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Archive for the ‘Aquatic Invertebrates’ Category

Rob and I decided to head for the pond to make a mini-film about pond dipping and all the things you can find there for the blog. You’ll be able to see that film later. With Rob carrying the video cam, I was lumbered with the tripod. However, it wasn’t long before I shoved the tripod into Rob’s capable (and already quite full!) hands so that I could get down on the floor with my macro lens. I was finding things everywhere that demanded my attention!

Green-veined white

Green-veined white butterfly

Ant on leaf

An ant on a leaf

Azure damselfly

Azure damselfly, identified using the unique markings

If you’re wondering if we ever actually made it to the pond with all these great distractions, don’t worry! Here is proof that we did – Rob conducting an interview. Keep an eye out for the video later, and find out who the little guy on the right is! (The right-hand picture, not Rob with the camera!)

Rob conducting an interview

Rob conducting an interview

Who's this little guy? Find out in our video later!

Who's this little guy? Find out in our video later!

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Team of volunteers

Team of volunteers

The Wildscreen office will be pretty quiet today, with half the team swapping the confines of the office to help out with BioBlitz as volunteers. Exchanging computers for cameras and clipboards, the Wildscreen team are ready and raring to get involved!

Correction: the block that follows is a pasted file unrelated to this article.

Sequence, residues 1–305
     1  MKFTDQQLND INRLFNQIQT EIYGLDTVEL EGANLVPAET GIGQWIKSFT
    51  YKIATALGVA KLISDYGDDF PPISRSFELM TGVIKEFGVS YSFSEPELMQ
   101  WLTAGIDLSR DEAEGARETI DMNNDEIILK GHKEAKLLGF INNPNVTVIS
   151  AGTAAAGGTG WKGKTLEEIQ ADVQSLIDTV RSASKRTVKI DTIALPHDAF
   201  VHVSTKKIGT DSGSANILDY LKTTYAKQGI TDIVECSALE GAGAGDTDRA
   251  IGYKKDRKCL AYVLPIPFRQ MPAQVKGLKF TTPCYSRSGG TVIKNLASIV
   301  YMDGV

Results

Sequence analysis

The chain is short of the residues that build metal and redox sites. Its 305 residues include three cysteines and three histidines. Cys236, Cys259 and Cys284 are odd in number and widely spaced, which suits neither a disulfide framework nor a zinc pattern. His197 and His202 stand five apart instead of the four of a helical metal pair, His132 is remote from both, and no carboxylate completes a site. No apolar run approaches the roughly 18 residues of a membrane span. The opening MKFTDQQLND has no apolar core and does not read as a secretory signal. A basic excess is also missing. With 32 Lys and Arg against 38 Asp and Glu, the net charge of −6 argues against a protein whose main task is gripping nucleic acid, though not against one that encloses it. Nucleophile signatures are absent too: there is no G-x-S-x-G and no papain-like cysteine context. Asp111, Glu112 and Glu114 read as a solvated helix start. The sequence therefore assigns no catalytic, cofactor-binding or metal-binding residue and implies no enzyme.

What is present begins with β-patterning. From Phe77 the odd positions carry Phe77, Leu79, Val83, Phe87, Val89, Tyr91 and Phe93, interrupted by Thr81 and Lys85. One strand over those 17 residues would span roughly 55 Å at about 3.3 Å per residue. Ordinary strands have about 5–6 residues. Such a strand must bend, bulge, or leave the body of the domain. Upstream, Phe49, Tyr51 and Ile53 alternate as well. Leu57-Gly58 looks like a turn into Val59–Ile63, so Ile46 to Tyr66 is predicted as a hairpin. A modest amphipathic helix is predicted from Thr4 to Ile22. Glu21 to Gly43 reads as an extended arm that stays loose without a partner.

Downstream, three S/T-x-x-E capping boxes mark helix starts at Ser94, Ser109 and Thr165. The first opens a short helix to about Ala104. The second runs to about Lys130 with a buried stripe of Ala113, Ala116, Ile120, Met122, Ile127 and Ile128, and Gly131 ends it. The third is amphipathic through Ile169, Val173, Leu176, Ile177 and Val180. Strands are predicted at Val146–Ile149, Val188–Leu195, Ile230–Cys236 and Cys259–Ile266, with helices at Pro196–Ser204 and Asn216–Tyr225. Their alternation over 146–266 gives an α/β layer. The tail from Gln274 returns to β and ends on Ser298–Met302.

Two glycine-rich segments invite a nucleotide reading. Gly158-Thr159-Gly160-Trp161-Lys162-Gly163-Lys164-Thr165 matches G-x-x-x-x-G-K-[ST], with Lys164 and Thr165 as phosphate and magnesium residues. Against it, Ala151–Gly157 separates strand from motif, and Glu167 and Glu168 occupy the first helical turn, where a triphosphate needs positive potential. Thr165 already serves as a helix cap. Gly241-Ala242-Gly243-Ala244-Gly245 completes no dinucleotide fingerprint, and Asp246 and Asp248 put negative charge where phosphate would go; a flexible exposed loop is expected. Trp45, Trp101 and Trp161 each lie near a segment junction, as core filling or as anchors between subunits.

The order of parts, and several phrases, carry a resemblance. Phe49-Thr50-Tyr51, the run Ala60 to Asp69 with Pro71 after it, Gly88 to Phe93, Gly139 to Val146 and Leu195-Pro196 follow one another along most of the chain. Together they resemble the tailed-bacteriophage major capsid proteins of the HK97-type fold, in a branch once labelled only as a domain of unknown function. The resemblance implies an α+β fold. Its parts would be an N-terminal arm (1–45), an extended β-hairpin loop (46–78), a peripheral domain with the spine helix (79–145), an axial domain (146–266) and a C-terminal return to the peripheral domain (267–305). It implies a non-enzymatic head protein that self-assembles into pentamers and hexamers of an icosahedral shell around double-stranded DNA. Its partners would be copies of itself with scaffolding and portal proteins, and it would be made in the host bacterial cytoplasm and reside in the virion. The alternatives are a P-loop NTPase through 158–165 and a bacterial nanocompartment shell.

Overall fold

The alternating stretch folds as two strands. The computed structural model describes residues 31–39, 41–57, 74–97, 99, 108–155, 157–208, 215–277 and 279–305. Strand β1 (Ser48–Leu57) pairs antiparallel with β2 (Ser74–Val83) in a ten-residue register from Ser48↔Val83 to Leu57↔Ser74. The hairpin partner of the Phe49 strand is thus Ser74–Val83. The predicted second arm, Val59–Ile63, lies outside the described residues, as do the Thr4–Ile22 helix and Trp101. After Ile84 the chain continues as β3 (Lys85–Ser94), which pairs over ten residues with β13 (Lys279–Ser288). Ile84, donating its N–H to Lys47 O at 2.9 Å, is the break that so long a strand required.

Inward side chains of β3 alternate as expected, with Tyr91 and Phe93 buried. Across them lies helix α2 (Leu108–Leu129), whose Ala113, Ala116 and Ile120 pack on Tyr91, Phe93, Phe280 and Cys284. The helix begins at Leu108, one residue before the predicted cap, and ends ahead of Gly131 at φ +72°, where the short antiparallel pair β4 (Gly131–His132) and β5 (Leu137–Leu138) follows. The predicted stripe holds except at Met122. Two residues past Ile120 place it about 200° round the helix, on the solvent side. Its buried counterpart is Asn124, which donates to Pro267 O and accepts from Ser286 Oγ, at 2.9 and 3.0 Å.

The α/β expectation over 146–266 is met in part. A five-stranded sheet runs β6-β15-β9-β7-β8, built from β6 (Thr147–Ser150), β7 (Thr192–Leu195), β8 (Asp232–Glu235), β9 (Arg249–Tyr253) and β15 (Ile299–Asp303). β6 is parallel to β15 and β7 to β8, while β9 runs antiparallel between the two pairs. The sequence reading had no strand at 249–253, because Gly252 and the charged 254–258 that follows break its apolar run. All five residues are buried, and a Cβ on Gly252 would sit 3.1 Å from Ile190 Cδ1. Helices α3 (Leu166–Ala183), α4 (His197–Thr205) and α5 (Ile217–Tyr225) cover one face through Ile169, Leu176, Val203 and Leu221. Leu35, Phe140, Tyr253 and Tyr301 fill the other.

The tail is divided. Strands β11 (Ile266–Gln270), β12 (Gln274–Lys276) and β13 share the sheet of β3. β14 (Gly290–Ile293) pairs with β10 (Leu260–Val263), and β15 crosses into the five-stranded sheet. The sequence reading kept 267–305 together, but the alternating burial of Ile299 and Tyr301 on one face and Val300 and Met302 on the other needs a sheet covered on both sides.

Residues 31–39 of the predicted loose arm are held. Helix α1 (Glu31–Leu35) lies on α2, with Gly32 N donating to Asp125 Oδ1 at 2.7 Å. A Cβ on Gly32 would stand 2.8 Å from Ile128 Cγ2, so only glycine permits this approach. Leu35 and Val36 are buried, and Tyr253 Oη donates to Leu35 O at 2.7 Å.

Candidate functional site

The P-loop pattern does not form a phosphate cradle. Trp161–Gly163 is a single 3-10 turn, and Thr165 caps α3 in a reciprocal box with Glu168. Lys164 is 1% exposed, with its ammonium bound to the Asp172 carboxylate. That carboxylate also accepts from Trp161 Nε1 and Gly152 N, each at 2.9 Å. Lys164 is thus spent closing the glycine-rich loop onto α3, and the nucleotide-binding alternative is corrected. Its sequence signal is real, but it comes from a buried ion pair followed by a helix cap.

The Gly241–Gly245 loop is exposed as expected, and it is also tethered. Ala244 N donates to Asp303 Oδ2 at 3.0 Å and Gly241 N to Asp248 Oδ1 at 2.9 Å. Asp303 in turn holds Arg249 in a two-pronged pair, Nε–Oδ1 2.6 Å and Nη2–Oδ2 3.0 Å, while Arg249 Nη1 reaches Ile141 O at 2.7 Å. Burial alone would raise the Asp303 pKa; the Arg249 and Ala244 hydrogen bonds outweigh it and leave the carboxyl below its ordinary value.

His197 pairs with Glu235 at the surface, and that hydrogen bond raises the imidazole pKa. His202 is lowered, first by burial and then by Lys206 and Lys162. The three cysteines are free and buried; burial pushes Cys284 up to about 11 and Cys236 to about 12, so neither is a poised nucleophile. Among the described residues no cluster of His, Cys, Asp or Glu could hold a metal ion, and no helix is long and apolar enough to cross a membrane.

Being biologists themselves, the Wildscreen team couldn’t wait to get stuck in and start digging around for species to add to the tally. With a gap in the schools schedule mid-afternoon, half of the team made their way to the wettest, dirtiest place they could find – the pond!

Putting her field work skills to good use, guide Becky delved straight in and impressed us all with her knowledge of freshwater invertebrates…..Lymnaea stagnalis, the azure damselfly and the palmate newt were all quickly identified with expert conviction.

Becky identifying freshwater invertebrates

Becky identifying freshwater invertebrates

Bonnie, Becky and Lauren identifying damselfly larvae

Bonnie, Becky and Lauren identifying damselfly larvae

Male Azure damselfly, Lymnaea stagnalis

Male Azure damselfly, Lymnaea stagnalis

While the Wildscreen guides continued their foraging for new and exciting species, Laura bullied some of Wildscreen’s media team contingent into divulging their most exciting finds of the day. We’ll have a video of their thoughts on the day so far for you soon!

Laura interviewing Wildscreen volunteers Becky, Ben and George

Laura interviewing Wildscreen volunteers Becky, Ben and George

We at the Wildscreen team have been having great fun down at BioBlitz so far – we’re looking forward to hearing the latest tally and getting back out there later this afternoon. Come down and join us and the other volunteers and get involved!

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You can tell how clean the water in rivers or brooks  are by the diverse lifeforms found in them.  One of the naturalists explains what would be expected in the brook depending on how clean the water is.  Check out the video to find out more!

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One of our brave volunteers picked up a very acrobatic leech, during the Blaise Castle BioBlitz.  Leeches are an indication of mediocre water quality, but not terrible water quality.  At this point, three different species of leech had been found. Watch the video below for more information.